In Uncategorized on October 16, 2009 at 3:18 pm


I’ve decided to come clean:

I’m having an affair. Two, actually.

One is taking place on the West Coast, just outside of Hollywood.

The other is playing out near the Rockies, in the thin air of Denver. Let’s just say I’m a newly minted member of the Mile High Club.

That’s right – while my beloved Red Sox pack up the uniforms and mothball the duckboats, I’m carrying out a torrid fan fling with the Los Angeles Dodgers.

Oh, and I’m cheating on Bill Belichick with Josh McDaniels.

I know. It’s terrible. I feel awful about it. It’s awkward, all this sneaking around. All these confusing feelings. I feel dirty. But I can’t help it.

Manny Ramirez is like an ex I just can’t shake. It’s ridiculous, I know. I thought I was over him, after all the tantrums and the commitment issues and the rocky breakup. But I miss the goofy bastard, I really do. And so do the Red Sox.

So I’ve been following his new team from afar this year and you know what?

I’m starting to fall for the Dodgers.

The team is exceedingly likable, filled with personable stars like Jim Thome and Brad Ausmus, with the winner of the “Manager I’ve Always Liked But Couldn’t Admit It” award, Joe Torre, at the wheel. Plus, the franchise is gaudy with history:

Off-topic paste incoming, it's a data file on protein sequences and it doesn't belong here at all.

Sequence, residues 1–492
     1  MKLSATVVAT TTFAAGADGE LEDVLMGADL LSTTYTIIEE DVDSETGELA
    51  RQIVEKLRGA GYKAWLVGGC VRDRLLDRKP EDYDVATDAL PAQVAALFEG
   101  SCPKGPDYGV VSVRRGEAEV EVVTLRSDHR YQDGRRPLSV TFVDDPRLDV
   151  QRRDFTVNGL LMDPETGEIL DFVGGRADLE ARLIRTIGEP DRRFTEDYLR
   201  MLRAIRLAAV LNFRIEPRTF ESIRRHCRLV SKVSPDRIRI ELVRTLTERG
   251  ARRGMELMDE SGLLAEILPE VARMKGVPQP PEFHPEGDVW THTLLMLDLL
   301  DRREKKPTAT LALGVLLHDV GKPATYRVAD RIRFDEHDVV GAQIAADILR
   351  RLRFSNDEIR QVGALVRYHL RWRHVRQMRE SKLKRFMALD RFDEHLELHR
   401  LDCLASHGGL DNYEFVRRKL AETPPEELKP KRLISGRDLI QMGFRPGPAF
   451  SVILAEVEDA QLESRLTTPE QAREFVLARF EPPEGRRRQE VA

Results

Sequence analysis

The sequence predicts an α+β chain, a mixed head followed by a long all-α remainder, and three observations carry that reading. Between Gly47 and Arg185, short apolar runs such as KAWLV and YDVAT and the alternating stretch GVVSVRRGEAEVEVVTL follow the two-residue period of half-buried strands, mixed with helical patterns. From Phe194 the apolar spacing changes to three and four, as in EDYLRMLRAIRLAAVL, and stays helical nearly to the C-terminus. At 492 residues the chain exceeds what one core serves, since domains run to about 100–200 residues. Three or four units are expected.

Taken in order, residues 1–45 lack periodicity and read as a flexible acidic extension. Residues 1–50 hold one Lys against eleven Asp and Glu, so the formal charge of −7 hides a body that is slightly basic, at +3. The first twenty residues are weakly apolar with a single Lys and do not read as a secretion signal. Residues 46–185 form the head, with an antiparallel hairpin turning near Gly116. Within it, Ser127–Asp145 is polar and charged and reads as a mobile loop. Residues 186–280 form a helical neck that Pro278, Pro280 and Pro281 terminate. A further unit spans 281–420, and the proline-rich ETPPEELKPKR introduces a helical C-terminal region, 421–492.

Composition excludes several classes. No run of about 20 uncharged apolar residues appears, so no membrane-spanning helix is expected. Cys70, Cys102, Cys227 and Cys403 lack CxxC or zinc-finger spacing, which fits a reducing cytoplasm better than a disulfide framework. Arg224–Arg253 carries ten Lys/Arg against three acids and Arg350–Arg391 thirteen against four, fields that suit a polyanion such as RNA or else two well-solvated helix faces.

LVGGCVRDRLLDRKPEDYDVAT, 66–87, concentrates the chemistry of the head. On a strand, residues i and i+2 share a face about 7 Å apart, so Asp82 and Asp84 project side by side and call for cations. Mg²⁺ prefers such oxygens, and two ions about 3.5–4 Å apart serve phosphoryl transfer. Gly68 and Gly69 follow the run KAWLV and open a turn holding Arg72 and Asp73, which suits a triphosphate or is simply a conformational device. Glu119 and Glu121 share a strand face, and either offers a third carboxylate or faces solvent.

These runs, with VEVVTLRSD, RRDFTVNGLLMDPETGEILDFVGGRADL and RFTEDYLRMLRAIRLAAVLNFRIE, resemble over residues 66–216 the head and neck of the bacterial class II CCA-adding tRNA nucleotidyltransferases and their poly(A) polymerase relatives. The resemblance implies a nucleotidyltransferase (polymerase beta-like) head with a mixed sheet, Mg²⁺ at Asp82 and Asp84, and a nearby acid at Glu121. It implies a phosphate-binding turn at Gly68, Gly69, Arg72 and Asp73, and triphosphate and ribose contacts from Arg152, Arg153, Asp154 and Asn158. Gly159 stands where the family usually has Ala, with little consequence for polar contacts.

Jackie Robinson, Branch Rickey, Dem Bums, Sandy Koufax, Ebbets Field.

And then there’s announcer Vin Scully, who deserves his own category.

The 81-year-old Scully is a certified baseball Icon. Listening to him call a game is like rolling around in freshly cut grass. You can smell the dirt of the basepaths and the rosin on the mound. Scully’s old-timey cadence summons visions of sandlots and stickball, his tenor evoking Ray Kinsella’s idealized pastime – a pure incarnation of a game that has, unfortunately, long passed us by.

But you’d never know it, listening to Vin.

His voice is as much a part of the game as the thwack of a Louisville Slugger. For sixty years Scully has called Dodgers games, many of them by himself, and there’s no one in the business who does it better.

With all that, how can you not love this team?

Then there’s the Broncos.

What can I say? Josh McDaniels seduced me.

It happened right after last week’s game against my Patriots, just after the final horn sounded on a frustrating Pats loss:

While Bill Belichick wandered around looking like a lost nursing home patient in a ridiculous Eskimo parka, McDaniels ran towards the corner of the end zone, his right arm raised in a Mile High salute. He stopped, the crowd stood, and then McDaniels launched four of the greatest fist pumps I’d ever seen, one nearly catapulting him forward onto the grass. It was an emotional outburst that you’d never see from Bill Belichick. And that’s why I loved it.

Perhaps it was the fist pump, or perhaps it was the memory I have of McDaniels offensive-play-calling prowess (hell, he turned Matt Cassel into a franchise player), maybe it’s his age (33), or maybe it’s just that I’m a little tired of Belichick’s All-Business approach to the game, but I’ve spent much of this week in the throes of an all-things-McDaniels affair.

I hate to say it, but between Manny and McDaniels, Scully and Stokely, thin air and LA smog, my Fan Will is being tested, and tested well.

And really, can you blame me?


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